Six Insights When Approaching Adult Volunteers

I have had the great opportunity to serve under some great youth pastors for 15 years. I have learned a lot from them. I have met so many new, young youth pastors over the years and, if I could, I would love to share a little insight with you with regards to your adult leaders.

First, being an adult leader can be a big commitment. Make sure you lay out all of the expectations before allowing someone to sit at a table with students. This is more than a one hour a week, show up at church, and lead a discussion type of commitment.

There is something different about youth ministry, it becomes part of your heart. The students become such a part of your heart, it hurts. There should be prep time for the small group time, visits to schools, athletic events, plays, and concerts. Most importantly, adult leaders should be spending time praying for their group.

Obviously, not all will feel the call to make this type of commitment and that’s OK. Be cautious before positioning someone in the ministry. Maybe suggest they sit at a table with a more seasoned adult leader before diving in, head first into their own group. It is better to have less (maybe even if it is a shortage) of fully engaged and committed leaders than “enough” leaders that have not bought in to the ministry.

With this said, there should always be room for people to serve in the ministry. You will need tech support, game coordinators, security, and other positions that can require less of a time commitment. Consider these other positions when an adult leader desires to commit to less time.

Next, this is a tough one, remember this is not your ministry. Yep, you are the pastor or director and you feel the brunt of the bad stuff, you get to deal with the irate parents, and you receive the grief of the executive or head pastor. This is, I believe, the toughest part of being a youth pastor. I have seen the time involved in meetings with parents, staff, and other adult leaders. You became a youth pastor because of your passion for students and now, most of your time is spent dealing with “adult” stuff.

When it comes to the day to day operations, the care of the students, and the logistics of the ministry, empower those that have bought into the ministry and let them lead. Nothing can be more frustrating than a high capacity leader not being used fully. You are cheating the leader, you are cheating the students, and you are cheating yourself.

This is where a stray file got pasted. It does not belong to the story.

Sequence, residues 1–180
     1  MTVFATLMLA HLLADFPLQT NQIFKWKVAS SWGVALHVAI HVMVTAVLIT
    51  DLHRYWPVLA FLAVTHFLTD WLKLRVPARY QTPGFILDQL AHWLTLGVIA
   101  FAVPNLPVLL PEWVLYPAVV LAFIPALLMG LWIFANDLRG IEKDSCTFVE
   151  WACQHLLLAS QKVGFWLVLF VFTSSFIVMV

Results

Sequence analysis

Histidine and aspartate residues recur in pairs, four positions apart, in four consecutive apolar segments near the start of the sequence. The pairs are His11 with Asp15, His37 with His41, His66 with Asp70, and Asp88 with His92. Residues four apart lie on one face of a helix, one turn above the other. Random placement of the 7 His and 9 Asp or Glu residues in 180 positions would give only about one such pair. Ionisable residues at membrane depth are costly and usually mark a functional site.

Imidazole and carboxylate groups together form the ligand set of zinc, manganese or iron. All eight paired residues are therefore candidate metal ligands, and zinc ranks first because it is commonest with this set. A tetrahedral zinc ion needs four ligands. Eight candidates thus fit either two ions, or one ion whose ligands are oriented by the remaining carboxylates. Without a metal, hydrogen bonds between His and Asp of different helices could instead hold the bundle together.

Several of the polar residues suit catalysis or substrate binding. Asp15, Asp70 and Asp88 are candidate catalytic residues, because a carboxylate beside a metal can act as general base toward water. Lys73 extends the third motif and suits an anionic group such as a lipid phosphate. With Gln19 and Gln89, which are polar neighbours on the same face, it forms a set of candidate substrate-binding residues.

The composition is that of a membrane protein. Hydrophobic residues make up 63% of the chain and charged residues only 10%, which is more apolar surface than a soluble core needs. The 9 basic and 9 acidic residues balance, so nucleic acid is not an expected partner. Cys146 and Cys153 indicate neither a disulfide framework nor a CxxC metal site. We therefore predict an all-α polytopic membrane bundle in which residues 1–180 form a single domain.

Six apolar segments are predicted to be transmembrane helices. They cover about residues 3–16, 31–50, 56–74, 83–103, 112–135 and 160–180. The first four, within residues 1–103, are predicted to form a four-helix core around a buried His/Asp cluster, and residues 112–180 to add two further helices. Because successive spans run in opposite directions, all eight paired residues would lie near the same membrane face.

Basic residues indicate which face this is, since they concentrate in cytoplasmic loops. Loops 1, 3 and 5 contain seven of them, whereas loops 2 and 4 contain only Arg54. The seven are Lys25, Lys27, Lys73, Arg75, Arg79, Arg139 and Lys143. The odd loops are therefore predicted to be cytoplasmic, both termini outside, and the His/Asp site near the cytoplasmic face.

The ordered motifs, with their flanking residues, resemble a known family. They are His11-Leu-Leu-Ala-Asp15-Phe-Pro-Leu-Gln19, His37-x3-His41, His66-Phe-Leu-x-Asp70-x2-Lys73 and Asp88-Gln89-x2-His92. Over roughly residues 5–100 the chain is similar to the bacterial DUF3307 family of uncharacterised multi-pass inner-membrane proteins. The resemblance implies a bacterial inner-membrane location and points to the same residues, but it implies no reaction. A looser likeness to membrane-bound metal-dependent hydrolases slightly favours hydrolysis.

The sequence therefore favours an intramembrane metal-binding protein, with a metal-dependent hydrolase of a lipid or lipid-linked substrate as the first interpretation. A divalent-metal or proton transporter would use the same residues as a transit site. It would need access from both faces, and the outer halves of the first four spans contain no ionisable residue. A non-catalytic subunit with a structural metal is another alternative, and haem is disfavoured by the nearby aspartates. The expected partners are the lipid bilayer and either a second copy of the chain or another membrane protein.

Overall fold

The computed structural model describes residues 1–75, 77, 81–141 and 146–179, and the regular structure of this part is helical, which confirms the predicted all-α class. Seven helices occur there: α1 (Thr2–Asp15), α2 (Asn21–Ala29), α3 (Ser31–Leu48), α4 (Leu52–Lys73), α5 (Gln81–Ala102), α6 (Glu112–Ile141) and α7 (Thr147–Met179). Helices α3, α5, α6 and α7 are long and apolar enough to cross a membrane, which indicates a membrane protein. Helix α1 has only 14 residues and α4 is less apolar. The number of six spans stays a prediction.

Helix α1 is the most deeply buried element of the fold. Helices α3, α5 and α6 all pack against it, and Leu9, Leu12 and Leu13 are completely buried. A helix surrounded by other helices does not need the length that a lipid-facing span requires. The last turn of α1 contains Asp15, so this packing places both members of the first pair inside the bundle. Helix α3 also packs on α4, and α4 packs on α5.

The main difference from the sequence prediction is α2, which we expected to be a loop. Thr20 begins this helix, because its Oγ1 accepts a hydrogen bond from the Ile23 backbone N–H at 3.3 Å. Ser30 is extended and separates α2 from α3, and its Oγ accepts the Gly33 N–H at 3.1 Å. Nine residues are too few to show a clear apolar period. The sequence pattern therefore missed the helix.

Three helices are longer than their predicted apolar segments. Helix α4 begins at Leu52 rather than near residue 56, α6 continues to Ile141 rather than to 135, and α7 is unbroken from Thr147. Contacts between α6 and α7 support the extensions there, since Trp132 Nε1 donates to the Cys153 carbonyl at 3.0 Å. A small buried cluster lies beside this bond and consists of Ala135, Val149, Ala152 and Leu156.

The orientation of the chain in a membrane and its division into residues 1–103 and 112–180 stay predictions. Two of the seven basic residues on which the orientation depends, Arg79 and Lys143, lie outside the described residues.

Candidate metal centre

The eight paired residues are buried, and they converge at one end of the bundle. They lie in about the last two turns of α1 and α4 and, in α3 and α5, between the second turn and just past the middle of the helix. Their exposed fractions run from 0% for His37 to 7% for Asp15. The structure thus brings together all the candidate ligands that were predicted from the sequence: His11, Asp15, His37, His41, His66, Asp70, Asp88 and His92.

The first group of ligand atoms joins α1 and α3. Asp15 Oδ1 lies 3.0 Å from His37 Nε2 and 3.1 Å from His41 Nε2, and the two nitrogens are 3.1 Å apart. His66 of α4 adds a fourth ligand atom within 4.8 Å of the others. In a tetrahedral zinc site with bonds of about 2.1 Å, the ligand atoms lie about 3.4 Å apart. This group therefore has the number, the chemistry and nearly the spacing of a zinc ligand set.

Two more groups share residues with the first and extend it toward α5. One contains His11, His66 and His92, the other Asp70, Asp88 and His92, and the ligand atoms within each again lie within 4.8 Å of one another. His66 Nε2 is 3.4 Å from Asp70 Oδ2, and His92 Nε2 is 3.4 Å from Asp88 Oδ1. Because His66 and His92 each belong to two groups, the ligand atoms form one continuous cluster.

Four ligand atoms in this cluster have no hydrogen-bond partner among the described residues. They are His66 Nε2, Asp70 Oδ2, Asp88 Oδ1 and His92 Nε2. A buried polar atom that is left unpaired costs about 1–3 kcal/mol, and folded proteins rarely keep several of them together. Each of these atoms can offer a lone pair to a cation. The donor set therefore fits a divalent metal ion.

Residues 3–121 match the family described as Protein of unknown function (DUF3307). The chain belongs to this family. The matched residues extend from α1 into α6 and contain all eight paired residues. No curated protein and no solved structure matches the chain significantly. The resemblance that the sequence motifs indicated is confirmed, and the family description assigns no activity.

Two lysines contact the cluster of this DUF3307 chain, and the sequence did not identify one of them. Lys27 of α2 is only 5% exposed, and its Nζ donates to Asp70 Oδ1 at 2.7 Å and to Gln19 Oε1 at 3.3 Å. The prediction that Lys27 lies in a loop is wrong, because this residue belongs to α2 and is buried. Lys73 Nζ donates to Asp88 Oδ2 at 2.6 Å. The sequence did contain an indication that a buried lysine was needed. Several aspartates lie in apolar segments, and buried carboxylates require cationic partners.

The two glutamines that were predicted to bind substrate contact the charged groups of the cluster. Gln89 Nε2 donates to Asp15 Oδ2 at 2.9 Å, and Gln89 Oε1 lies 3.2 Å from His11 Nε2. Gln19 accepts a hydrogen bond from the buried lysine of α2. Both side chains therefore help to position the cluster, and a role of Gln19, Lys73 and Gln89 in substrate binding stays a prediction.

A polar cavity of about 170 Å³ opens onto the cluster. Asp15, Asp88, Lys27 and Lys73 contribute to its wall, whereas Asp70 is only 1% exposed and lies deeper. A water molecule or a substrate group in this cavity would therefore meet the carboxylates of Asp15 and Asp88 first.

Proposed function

I realize we have vision for youth group and you are all tremendous leaders. That’s why one of the most important duties you have when it comes to relating with your adult leaders is to cast the vision and KEEP casting it. Let us (the adult leader) do some of the heavy lifting with you, this is God’s ministry and we are all called to do our part.

Because of the high level of commitment, many adult leaders drop out for various reasons, which is the main reason you will always have to be recruiting new talent. College coaches seem to always be on the recruiting trail, they only get a kid for 3-5 years. You may only have an adult leader for one (yes, there will be those that stay forever), but I bet the majority of them move on in 3 years or less. Your eyes and ears must always be open for new members of your team.

Most of you youth pastors are not gifted in the following area. You are gifted as far as preaching, your passion for students is unquestioned, you want students to achieve goals and live out their lives for Christ and you have dedicated your life to it. Here is where a lot of you, to put it mildly, stink!! (I love you all, though). Surround yourself with a leadership team. The first person you bring into your leadership team has to cover – communication. I realize this doesn’t apply to all youth pastors, but I know it applies to a majority of you!! (Again – LOVE). You cannot over communicate to the parents, students, and others in your congregation as to events, changes, and milestones that are happening in the ministry.

Your leadership team should consist of those you trust the most with regards to communication, teaching, outreach, logistics, and organization.

Even in more detail, I am convinced you, as a youth pastor, need just a couple of people in an executive team. You need a safe place to vent, to be held accountable, you need a safe place to bounce ideas, and to dream way bigger than you could even imagine. This small, intimate team is where that stuff happens. This team is important for you, your sanity, your family, and for the ministry.

Finally, you are a cheerleader. Not just for students, but for all of your volunteers. Remember, they hurt when their students hurt. They may be sacrificing more than you will ever know to work in the ministry. Your encouragement goes a long way. Your constant prayers for them goes ALL THE WAY! Keep them in prayer, this is the most important thing you can do for them.

Steve Anderson
Never The Same/Claim Your Campus volunteer
Guest Post


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